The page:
Friday, September 05, 2008

Should you buy a new mower now?

So, how long will that "perfectly good" lawn mower you've been thinking of replacing for the past 3 summers last you? I've been thinking about that more in the last month or so, because my 12-year-old lawn mower "has issues" but I'm a notorious cheapskate. My first power mower (the same one with "issues") was the cheapest rear-bagger I could find, back when the cheap mowers were under $100 on sale. In recent years, the weird little spring-loaded carburetor can't keep a consistent RPM, but it runs well enough to mow the lawn without stalling (it just sounds like a prop from a 3 Stooges film.) If I buy something new, I'd like it to have a Honda engine and keep it until I'm a grumpy old man paying the neighbor kids to mow the lawn, and you can't get a mower with a Honda engine for $100.

So now I'm torn between spending more than I want for a proven product now, or probably spending WAY more than I want for new tech in a few years. EPA regulations will require cleaner engines on walk-behind mowers in 2011 (the regs tighten for 25+ horsepower equipment in 2010.) So, what do I really need?

For Texas, I have a fairly small lot. I'm not into the big house thing, quality space and location means more to me than square footage. So, electric is an option. I'm not sure what I think of that... the overall technology isn't new (one of my crazy aunts had an electric mower in the early '70s) but some of the new ones are battery-powered. Green tendencies tell me this is a good idea... lower emissions (both total and of course in my neighborhood), quieter, theoretically fewer problems. I've read lots of poor reviews, and don't really know where to find "reliable" lawn equipment reviews. Cords that get in the way, batteries that wear out... but no gas required. The cheap electric string trimmer I bought 15 years ago still works fine, as does the electric blower I bought a year or two after that.

I could buy a new gasoline mower in the next couple of seasons. Now my inner cheapskate is arguing with my inner environmentalist... it would probably run cleaner than my old one but not as clean as one with a catalytic converter after 2011, but it would cost less and if the first few years of lawn equipment with catalytic converters suck as much as the first decade of cars that had them, waiting for a "clean" gas mower might not be a good option.

I have to wonder if I'm subconsciously not deciding because doing nothing is the cheapest option....

5 comments:

Howard said...

Welcome back.

I've never had a mower. Dad had an old human powered rotary blade mower, but I never saw him use it. We had gardeners come. Now I hate gardeners coming during the day, because they are so damn loud. I'd go for electric just for the noise. Convenience would also be a factor, who wants to schlep gas for a mower? And I have no idea how much gas is used for a lawn. Is it a gallon? Much less?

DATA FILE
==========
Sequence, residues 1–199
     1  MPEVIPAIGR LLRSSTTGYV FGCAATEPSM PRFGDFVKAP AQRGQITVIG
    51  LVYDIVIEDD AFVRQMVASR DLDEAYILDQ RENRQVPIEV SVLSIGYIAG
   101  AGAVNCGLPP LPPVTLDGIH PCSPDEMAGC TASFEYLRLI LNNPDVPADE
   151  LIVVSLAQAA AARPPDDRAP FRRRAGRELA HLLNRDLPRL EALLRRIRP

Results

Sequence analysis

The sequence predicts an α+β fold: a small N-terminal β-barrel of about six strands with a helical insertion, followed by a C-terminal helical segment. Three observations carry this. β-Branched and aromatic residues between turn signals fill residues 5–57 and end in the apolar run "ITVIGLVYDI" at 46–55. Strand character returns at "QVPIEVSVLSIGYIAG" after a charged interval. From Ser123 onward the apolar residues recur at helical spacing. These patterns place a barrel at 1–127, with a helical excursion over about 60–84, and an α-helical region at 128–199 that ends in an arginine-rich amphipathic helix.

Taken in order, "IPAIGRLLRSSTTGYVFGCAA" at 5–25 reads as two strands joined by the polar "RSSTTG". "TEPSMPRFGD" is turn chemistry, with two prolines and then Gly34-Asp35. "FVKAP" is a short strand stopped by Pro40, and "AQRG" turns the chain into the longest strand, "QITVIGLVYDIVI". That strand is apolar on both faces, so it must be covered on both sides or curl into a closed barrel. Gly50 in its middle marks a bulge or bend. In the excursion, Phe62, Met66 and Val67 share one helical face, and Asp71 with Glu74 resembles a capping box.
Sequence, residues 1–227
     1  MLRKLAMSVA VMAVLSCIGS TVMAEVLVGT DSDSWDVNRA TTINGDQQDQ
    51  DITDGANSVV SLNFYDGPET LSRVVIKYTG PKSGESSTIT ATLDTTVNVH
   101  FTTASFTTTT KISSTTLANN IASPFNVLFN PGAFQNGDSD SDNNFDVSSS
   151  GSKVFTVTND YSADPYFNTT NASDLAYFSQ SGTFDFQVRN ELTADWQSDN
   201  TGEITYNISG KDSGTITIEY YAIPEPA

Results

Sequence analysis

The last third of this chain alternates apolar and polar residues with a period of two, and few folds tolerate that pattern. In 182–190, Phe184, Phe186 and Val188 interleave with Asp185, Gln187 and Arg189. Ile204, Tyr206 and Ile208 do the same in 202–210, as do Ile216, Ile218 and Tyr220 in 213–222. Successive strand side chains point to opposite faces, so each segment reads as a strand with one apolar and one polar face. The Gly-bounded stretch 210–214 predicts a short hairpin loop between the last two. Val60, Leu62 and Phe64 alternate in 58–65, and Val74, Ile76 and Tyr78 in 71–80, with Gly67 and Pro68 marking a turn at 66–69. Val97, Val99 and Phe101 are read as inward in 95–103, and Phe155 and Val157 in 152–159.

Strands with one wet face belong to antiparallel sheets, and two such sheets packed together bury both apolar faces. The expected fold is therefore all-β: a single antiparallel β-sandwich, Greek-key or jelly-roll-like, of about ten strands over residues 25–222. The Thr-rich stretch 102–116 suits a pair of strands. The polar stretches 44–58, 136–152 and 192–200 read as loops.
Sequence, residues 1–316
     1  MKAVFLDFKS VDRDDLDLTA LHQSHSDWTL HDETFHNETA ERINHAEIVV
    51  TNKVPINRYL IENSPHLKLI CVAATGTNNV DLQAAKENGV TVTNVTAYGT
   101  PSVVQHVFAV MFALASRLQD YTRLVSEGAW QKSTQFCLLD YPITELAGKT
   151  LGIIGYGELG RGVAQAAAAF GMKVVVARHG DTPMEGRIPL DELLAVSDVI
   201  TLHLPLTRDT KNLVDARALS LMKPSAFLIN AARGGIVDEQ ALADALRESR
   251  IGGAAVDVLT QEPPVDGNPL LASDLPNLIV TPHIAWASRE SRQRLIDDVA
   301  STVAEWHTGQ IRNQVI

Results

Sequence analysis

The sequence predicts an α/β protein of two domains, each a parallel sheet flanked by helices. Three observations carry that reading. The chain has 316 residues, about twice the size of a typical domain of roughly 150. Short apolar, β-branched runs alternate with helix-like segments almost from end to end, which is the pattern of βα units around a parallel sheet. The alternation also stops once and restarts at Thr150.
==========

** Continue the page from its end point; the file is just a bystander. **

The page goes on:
DKB said...

Depending on the mower, a gallon would probably mow several acres. A gallon gas can with a few drops of fuel stabilizer lasts me the entire season. So, it's very slightly less convenient than a battery electric (assuming one always remembers to recharge the battery after use) and probably slightly more convenient than a corded electric, for which you have to schlep the extension cord out AND back (rolling it neatly in the process or your next use will be extra frustrating) for each use.

Natalie & Jessica's Dad said...

I grew up using a corded electric. It actually wasn't a big deal. The handle flopped over from one side to the other, instead of turning the mower. That way as long was you mowed away from your electrical outlet you never had a problem with running over the cord. If my yard was smaller I would have considered that when we bought our house.

I had a Honda for 7 years. It was a lower end one (if they have such a thing) and I hated it cuz it was a side bagger that always clogged. And it rusted to it's death (I guess that's my fault). I bought a Lawn Boy last year and so far like it very much.

Not sure what your grass is like there but in Pittsburgh during the spring and early summer the grass is usually thick, and takes some oomph to get through. I can't see an electric being up to that.

Richard said...

I mow with my second electric mower here in Delaware. It works fine, and is much quieter than an electric blower (for a sound comparison). You mow away from where it is plugged in and the cord follows you and you never cross it. I had one where the handle flipped over and the current one where you just mow back and forth stepping over the cord to turn around. I never noticed any issue with the power to mow the lawn. They both could bag or mulch as needed. I am leery of rechargables, because I am slow and steady when mowing the lawn as opposed to a race. I can mow a pretty large lawn with the 100ft electric cord.

DKB said...

To get thick enough grass in north Texas to seriously challenge a mower, I'd have to plant something that needs more water than I like to put on the lawn. It's one of my greenie obsessions to avoid being one of those homeowners who's watering the grass every other day. My lawn is a mix of essentially native prairie grasses, so it doesn't take much water but never develops mower-bogging thickness unless I just let it get crazy tall.

Re: a Honda rusting... I've heard of old mowers getting rusty, but I've had no first-hand experience with it. Perhaps it *IS* your fault? One of the mowers I used growing up was around my age... a Craftsman from the mid to late '60s with a clockwork spring starting mechanism. The last time I used it I was 18, so it was probably nearly that and the structure of it was still quite solid. It was just stored in a shed with 2 open sides, so it wasn't pampered. My current el cheapo is from the mid '90s and shows no signs of rust.